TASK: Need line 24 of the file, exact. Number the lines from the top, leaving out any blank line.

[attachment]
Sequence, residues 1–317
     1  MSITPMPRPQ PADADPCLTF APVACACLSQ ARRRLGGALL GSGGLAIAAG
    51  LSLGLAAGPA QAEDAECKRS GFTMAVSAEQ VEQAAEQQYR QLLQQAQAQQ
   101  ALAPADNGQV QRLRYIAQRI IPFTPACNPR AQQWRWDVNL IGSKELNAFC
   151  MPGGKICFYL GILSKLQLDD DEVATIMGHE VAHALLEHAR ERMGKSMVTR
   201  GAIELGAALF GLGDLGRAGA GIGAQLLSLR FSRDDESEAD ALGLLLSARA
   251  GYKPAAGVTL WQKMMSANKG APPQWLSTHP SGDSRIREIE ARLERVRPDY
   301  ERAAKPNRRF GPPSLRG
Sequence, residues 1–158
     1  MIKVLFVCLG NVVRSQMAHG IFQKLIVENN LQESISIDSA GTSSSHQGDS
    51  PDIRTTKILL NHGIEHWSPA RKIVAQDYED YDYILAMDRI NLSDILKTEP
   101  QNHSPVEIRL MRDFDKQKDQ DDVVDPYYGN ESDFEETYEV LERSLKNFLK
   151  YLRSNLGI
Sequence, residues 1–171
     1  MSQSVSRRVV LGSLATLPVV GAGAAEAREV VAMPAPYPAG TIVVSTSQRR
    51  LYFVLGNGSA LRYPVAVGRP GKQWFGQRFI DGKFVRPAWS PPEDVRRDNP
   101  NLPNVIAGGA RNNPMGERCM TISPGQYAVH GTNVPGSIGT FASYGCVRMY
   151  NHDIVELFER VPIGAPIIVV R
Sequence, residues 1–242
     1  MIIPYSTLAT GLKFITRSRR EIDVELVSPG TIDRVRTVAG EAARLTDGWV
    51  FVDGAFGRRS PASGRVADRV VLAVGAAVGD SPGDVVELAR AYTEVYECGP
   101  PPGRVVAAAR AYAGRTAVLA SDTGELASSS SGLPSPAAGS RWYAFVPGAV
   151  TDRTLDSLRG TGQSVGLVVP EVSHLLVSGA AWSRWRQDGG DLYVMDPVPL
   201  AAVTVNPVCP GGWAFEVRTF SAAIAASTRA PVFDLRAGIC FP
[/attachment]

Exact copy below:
   201  AAVTVNPVCP GGWAFEVRTF SAAIAASTRA PVFDLRAGIC FP